ISLAMABAD: To make meaningful progress in educational development there is a dire need to improve the examination system, academic affairs and the curriculum.
This was stated by Federal Education Board Chairman Dr Ikram Ali Malik while speaking to Daily Express recently.
He said that over the past five years, the board has been working as per international standards and has introduced a number of upgrades such as one-window operations, launching an online system, decreasing the number of practical centres, the timely provision of results and earning the status of a ‘model board’.
The board’s chairman added that around 400,000 students of matriculation and intermediate will give their exams through the federal board this year, adding that educational institutions in territories such as the erstwhile federally administered tribal areas (Fata) and Gilgit-Baltistan (G-B) are all affiliated with the board.
He explained that the affiliation of institutions in Gilgit-Baltistan was possible through the Karakoram University Board. Similarly, educational instructions located within cantonment boards were also affiliated with the federal board of education.
Responding to a question about the presence of several educational boards in the country, especially the coveted status of some foreign affiliated boards such as the Cambridge University linked Ordinary (O’ Levels) and Advanced Levels (A’ Levels) and recent remarks by the Federal Education Minister Shafqat Mahmood of doing away with these systems, Dr Malik said that there was a need to first strengthen our indigenous education system.
“Once we strengthen our own system, we automatically will not need to go towards O/A Levels,” Dr Malik explained while pointing towards the likes of neighbouring India.
“However, this will take at least up to 10 years,” he said.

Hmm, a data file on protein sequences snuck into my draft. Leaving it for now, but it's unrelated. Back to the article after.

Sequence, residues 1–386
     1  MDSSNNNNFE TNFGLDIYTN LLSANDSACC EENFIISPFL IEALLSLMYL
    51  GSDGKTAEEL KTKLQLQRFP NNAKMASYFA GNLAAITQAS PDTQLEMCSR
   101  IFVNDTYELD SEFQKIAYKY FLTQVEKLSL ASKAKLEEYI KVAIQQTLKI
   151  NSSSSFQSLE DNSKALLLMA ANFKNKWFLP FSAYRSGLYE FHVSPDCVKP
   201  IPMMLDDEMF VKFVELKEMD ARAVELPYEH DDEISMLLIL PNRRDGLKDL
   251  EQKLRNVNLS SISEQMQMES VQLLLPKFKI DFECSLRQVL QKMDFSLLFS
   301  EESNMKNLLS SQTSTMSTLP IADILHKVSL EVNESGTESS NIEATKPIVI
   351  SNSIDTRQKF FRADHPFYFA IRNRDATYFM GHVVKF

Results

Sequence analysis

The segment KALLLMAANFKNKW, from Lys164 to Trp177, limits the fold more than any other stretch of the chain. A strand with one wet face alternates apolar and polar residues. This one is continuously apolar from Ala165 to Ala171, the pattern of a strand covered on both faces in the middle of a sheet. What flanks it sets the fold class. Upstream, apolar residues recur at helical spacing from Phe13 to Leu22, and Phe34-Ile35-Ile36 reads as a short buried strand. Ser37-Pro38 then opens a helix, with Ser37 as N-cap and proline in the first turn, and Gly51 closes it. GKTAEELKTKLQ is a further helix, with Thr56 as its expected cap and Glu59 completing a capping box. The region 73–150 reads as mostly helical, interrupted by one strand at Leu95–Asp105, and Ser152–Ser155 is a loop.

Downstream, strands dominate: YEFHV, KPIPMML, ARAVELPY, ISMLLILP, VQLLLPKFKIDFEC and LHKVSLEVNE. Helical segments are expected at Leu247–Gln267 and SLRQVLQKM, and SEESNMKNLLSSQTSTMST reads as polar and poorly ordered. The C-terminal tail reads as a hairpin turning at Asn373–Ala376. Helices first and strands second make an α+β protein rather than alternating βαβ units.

“The quality of a country’s education system is evaluated based on its curriculum, teachers and examination system. If we bring our teaching requirements, curriculum and examination system at par with the O/A levels, we will be able to compete with the world,” he explained.
Moreover, he emphasised that his board has no role in deciding the curriculum.
While talking about the quality of practical examinations, he said that they have taken certain measures to improve the quality of the practical exam system at the matriculation and Federal Science (intermediate level) examinations.
“The number of practical centres has been reduced and practicals will now be conducted in laboratories which are fully equipped,” he explained.
To facilitate students, he said that they have installed a one-window system so that students can now submit an online request for the resolution of any issue which they may have.
“Typically, the very next day documents are sent to them through courier services,” Dr Malik explained, adding that students who email between office hours, particularly from 9am in the morning to midnight receive swift responses.
This service is available seven days of the week.
“Issues of up to 80,000 students have been resolved through this system,” he claimed.
The board’s chairman added that they have trained their teachers especially for paper-based marking, however, they have now introduced a screen-marking system as well through which papers are sent online, and marking can be done within and outside the country.
“Supplementary papers were marked through this system, moreover, this year computer science and a few biology papers will be marked [through screen-marking system],” he said.
Published in The Express Tribune, April 8th, 2019.